3-D printing can now do houses: Have you seen this one in Austin?

'There has got to be a better way to build houses,' Icon CEO recalls saying

By Ryan Korsgard - Reporter

Layer by layer, a giant 3-D printer named "The Vulcan" recently printed a home. "The Vulcan" is a robot that dispenses concrete around a grid, and it is controlled by a laptop computer.

Everything can plug into a regular power outlet. For 47 hours, it poured the outside and inside walls of the home in East Austin. A timelapse video recorded in March showed the process in warped speed. 

“What we’re standing inside is the first site-built, permitted 3D house in America,” said Jason Ballard, the co-founder and CEO of Icon, the company behind the printed home.

Ballard grew up along the Texas Gulf Coast. After a storm destroyed his home when he was a child, he realized, “There has got to be a better way to build houses," he said.

The printed houses, made of concrete, could find a home where floods, fires and hurricanes threaten communities, Ballard said.

"In the rebuilding effort, with a house like this, you’re not talking about taking it down to the studs, doing mold remediation, etc.," Ballard said. "You’re probably replacing flooring and replacing furniture, and giving it a good cleaning. And you’re back in in no time.”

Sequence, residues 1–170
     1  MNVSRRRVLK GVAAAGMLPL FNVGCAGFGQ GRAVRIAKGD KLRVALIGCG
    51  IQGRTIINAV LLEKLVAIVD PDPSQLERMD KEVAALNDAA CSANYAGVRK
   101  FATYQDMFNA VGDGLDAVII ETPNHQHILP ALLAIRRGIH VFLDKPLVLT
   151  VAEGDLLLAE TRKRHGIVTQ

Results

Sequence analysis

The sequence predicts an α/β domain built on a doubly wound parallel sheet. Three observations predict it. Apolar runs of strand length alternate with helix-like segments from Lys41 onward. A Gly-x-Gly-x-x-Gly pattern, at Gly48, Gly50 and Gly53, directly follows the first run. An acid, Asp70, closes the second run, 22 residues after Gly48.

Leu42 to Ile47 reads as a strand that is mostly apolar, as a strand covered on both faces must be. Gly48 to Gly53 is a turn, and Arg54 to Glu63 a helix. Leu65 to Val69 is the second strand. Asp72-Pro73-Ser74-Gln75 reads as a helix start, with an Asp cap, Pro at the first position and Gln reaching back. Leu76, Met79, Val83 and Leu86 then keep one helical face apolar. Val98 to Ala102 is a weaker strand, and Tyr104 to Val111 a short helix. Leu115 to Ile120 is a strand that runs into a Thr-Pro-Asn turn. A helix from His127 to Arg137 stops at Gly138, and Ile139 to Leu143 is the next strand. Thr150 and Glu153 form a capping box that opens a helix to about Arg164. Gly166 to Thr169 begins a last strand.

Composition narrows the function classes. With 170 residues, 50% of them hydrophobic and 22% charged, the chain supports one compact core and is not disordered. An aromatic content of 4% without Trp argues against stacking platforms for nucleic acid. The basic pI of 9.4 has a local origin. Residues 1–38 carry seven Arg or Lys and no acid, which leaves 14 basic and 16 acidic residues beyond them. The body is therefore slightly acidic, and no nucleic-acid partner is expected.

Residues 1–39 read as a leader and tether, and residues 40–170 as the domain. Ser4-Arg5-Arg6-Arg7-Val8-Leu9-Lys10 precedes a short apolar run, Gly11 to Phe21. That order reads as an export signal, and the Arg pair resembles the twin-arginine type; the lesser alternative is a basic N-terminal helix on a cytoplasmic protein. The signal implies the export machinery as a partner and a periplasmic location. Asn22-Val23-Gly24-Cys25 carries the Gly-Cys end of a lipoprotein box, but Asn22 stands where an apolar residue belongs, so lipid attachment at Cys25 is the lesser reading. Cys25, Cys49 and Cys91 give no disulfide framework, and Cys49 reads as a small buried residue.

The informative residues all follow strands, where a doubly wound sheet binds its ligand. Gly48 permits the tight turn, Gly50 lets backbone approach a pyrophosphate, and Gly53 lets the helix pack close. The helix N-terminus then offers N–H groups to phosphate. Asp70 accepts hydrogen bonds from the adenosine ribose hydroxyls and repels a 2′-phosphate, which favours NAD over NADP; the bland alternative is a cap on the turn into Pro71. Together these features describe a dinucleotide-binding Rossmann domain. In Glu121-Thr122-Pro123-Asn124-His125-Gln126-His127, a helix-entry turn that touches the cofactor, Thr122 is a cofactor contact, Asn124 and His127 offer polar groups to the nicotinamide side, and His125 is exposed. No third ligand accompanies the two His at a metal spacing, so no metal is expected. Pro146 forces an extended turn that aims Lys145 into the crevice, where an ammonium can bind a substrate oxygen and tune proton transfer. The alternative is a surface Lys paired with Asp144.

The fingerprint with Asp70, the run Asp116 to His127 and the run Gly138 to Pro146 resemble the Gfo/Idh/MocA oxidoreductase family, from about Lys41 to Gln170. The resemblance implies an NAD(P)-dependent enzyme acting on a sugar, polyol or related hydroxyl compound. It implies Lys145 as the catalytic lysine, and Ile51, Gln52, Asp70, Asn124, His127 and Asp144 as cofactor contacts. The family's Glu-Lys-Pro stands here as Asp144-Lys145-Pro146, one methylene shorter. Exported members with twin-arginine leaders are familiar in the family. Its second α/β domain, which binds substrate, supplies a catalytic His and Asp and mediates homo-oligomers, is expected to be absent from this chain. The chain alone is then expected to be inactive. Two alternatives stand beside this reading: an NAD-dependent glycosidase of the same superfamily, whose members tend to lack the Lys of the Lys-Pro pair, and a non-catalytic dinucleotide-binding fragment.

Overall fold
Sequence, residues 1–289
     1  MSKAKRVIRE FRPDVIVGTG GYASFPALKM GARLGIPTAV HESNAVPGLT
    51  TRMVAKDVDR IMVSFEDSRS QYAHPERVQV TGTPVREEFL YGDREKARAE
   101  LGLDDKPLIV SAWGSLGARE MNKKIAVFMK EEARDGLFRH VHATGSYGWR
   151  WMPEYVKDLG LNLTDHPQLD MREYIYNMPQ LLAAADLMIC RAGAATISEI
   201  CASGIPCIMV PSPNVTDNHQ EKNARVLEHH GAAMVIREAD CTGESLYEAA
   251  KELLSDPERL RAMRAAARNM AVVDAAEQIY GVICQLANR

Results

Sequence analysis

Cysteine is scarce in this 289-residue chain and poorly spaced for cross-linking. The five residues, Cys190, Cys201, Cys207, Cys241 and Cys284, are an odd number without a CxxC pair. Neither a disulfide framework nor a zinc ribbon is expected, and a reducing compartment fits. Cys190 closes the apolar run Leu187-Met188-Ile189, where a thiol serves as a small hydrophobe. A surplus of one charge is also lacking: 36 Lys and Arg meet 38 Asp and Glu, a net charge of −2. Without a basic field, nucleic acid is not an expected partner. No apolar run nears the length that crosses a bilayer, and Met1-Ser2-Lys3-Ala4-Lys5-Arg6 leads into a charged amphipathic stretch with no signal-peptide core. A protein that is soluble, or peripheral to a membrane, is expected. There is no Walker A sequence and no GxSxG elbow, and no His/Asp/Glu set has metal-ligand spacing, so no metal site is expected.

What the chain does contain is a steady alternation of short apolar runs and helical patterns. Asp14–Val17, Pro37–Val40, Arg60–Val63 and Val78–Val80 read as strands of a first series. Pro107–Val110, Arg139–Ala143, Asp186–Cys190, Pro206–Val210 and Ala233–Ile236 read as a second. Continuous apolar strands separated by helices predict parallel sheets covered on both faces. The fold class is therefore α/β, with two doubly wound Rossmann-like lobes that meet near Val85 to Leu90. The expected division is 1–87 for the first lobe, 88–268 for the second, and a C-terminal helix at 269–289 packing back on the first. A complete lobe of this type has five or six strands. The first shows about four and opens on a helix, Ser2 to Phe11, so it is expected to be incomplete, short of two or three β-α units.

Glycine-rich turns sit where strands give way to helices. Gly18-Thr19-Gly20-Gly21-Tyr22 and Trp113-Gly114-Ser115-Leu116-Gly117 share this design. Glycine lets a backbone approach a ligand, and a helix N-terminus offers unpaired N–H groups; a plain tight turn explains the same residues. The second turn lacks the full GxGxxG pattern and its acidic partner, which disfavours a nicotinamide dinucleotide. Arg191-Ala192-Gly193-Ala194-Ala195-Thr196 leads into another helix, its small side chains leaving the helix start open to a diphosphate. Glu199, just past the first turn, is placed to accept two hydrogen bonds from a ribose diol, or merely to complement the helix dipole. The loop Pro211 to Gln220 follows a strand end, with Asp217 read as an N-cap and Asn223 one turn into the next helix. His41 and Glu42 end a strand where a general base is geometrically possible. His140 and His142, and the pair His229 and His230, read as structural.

Ballard’s company works with a nonprofit organization called New Story.  Together, Ballard said their goal is to provide affordable housing to those in need.

The home printed in Austin included 350 square feet under the roof and cost about $10,000, Ballard said.

But a larger version could cost $4,000 and cut the building time down to 24 hours, he added.

After adding air conditioning and a few modern touches, Ballard said, the structure would serve as his office.

“This absolutely has application for homes in Austin, homes in Houston (or) Beaumont -- you name it," Ballard said.

What Ballard learns from printing the concrete structure in Austin could pave the way to construction in space.

He said he is working on a project with NASA to figure out how to use this revolutionary building technology to build habitats beyond Earth.

"When we go to the moon or Mars, we’re not hauling two-by-fours and screws and nails and compressors," Ballard said. "We need a technology that can print hundreds or thousands of kinds of buildings using local materials. This tech promises to do just that."

Ballard said you can expect the first printed-home communities in the United States and abroad within 12 months.

“It’s like living in a dream," Ballard said. "I still have all of these 'pinch me' moments when you’re watching the printer run. You can’t believe it’s happening!”

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